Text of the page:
An immunity hearing takes place before a judge without a jury. Unlike in other proceedings, at an immunity hearing, the burden of proof is on the defense but only to a standard that the preponderance of evidence – the fact finder is convinced that there is a greater than 50% chance that the claim is true. This is unlike the standard for the state of ‘beyond a reasonable doubt’ which exists during a criminal jury trial.
In Georgia, specific statutes grant immunity from prosecution to those who have used deadly force to defend themselves or others from attack. O.C.G.A. §16-3-24.2 provides that an individual “who uses threats or force in accordance with four code sections on defense of self or others, defense of habitation, “stand your ground”/no duty to retreat, or defense of property “shall be immune from criminal prosecution therefore unless in the use of deadly force, such person utilizes a weapon the carrying or possession of which is unlawful by such person…”
There are limitations, including:
- the person seeking to use the defense cannot be the aggressor;
- the person cannot provoke an attack as an excuse to harm the other person;
- the person cannot use the justification defense when committing a felony.
If the judge believes it is more likely self defense than not, he would rule in favor of the defendant.
Both the state and the defense had a slew of witnesses subpoenaed for the Tuesday hearing, including passing motorists, four Bulloch County deputies, and an investigator with the Sheriff’s Office. Others were subpoenaed and sequestered but were not called to testify.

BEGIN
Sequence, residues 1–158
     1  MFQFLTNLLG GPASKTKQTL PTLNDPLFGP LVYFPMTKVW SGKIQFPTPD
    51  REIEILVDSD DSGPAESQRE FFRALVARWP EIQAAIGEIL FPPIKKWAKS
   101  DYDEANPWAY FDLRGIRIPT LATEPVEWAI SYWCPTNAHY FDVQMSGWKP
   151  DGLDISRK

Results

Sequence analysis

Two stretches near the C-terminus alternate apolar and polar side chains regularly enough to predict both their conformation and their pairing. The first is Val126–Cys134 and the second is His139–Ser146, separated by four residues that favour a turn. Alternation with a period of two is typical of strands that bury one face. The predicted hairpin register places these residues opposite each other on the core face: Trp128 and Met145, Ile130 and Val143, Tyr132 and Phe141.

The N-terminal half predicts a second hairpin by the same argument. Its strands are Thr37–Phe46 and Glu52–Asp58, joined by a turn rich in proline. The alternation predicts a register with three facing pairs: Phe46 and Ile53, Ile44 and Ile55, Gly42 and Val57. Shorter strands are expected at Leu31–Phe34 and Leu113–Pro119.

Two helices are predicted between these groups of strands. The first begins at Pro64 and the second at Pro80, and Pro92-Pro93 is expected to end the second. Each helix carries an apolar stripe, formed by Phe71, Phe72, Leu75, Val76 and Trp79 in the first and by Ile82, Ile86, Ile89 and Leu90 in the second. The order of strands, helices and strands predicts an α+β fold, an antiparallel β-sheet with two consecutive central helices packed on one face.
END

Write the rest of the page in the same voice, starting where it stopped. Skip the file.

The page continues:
2 Passing Motorists and 1 Nearby Resident
First to testify was A.R., a motorist who was driving home the night of October 27, 2020 when she saw a Ford F-150 partially in the road and a man laying on the ground. A.R. testified that she got out of her vehicle, saw that a man had been shot, and asked what happened. That’s when another man, now known to her as Dustin Cowart, said “I had to do it. I had to shoot him.”
A.R. said Cowart was on the phone when she approached him and said Beasley had reached for his gun and he (Cowart) had to shoot him (Beasley). She said Cowart said, “They’re going to come back and kill me.” A.R also said he appeared “very shaken up, very frantic, very upset for sure.” That’s when she called 911.
She told dispatch and testified in court that a vehicle then came speeding down the road and parked before people exited frantically and began ‘touching and hugging’ the man laying in the road, something she tried to tell them not to do. A second car arrived soon after and A.R said there were 7-8 people there before law enforcement arrived. One of those individuals, she testified, was looking for Cowart, was looking into Cowart’s truck, and closed the door to Cowart’s vehicle.